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UCLA women advance to second round of NCAA basketball tournament

Third-seeded Bruins roll over the Stetson Hatters, 66-49, on Saturday. They play sixth-seeded Oklahoma on Monday.

March 24, 2013|By Diane Pucin
  • UCLA forward Atonye Nyingifa looks to score against Stetson guard Jama Sharp in the first half Saturday.
UCLA forward Atonye Nyingifa looks to score against Stetson guard Jama… (Jay LaPrete / Associated…)

COLUMBUS, Ohio — — When Stetson missed its first nine field-goal attempts, good shots most of them, it seemed over for the Hatters.

When UCLA led by a couple of dozen points midway through the second half, this first-round NCAA game was all but over.

The third-seeded Bruins advanced to the second round with a 66-49 win over the Hatters (24-9) on Saturday.

UCLA (26-7) will play sixth-seeded Oklahoma on Monday at 4:15 p.m. PDT at St. John Arena. The Sooners (23-10) beat 11th-seeded Central Michigan 78-73 here in Saturday's first game.

Cori Close, UCLA's second-year head coach, said what most coaches feel this time of year.

"You're so thankful to get to work another day, survive, advance, to compete. Now we get to try to get a little better," Close said.

UCLA's leading scorer, Nirra Fields, had only 13 points. Forward Jasmine Dixon had her 18th career double-double with 10 points and 10 rebounds for the Bruins. Atonye Nyingifa had 10 points and eight rebounds.

Stetson Coach Lynn Bria said that UCLA's talent didn't translate well on tape. "Their bigs, in person, are more mobile than you think," Bria said. "They're nothing fancy, but they do what they do very well. And I think we don't see enough West Coast basketball in the East. I think the Pac-12 is probably the most underrated conference in the country."

It wasn't until Cherisse Burris made a layup with 14:42 left in the first half that Stetson scored. The Bruins had an 11-0 lead by that point, and never did the Hatters get closer than six.

Stetson shot only 29% from the field for the game (20 of 69), and a team that made 590 three-point shots this season made only four against UCLA.

"Coach emphasizes defense," Fields said. "Defense first, and then we can improve the rest of the game."

"We came in with a really big focus on defense," Nyingifa said. "Our coach is proud of our team on defense. Rebounding and getting shots are second nature, but defense you have to think about."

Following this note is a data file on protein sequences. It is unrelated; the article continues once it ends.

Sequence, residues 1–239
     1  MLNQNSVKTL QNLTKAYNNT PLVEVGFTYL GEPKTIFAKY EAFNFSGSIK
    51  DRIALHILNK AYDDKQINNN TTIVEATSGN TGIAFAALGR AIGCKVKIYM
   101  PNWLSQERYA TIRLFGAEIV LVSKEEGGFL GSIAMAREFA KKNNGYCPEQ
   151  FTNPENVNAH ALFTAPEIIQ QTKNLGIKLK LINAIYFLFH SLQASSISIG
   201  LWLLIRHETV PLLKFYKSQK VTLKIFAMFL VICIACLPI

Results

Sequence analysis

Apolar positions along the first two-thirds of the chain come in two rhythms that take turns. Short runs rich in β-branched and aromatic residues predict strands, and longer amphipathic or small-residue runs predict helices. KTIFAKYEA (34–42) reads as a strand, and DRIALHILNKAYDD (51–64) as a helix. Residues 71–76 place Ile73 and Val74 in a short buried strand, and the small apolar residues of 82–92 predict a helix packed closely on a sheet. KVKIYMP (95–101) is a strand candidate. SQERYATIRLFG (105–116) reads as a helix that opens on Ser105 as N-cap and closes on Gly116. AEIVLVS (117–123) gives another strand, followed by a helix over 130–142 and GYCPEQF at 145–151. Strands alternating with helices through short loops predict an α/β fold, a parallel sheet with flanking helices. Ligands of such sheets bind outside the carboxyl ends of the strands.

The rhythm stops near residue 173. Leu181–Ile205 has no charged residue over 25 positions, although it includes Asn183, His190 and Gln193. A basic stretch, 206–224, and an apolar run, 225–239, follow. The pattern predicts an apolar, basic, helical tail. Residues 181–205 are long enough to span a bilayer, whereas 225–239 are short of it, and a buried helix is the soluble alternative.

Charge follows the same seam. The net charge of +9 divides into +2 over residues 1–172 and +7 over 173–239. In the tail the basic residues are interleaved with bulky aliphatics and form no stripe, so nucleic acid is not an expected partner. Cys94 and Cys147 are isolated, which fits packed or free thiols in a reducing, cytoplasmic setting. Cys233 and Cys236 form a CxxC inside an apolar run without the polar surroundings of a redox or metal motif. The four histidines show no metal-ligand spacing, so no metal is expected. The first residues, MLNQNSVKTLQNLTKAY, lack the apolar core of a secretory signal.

Bria said Stetson's goal had been to defend the inside and hope to make UCLA live on outside shots. "But it didn't matter," Bria said. "We couldn't score. They do such a good job of getting out and defending shooters."

UCLA led 36-20 at halftime, and it was that close only because Stetson had created two quick turnovers and had two quick baskets in the final 10 seconds. But the Bruins scored the first six points of the second half to take a 42-20 lead. The fourth and sixth points came from guard Mariah Williams, who hadn't scored in the first half.

"They just have great balance," Bria said. "They're just a very good team. And I emphasize 'team.'"

Even though it was hard to tell, Nyingifa said the Bruins were a little skittish at the beginning. "There was a little bit of nervousness to get out of the way," she said. "But we were focused, so it was fairly easy for us to get shots up and play the way we normally do."

Oklahoma 78, Central Michigan 73: Aaryn Ellenberg led the Sooners with 22 points and Joanna McFarland added 18 points and 17 rebounds. Ellenberg scored a game-high 24 points when UCLA won at Oklahoma, 86-80, in November.

Sooners Coach Sherri Coale wasn't ready to talk about Monday's game against UCLA after her team committed 24 turnovers. "Central Michigan gave us all we wanted and then some," she said.

diane.pucin@latimes.com

twitter.com/mepucin

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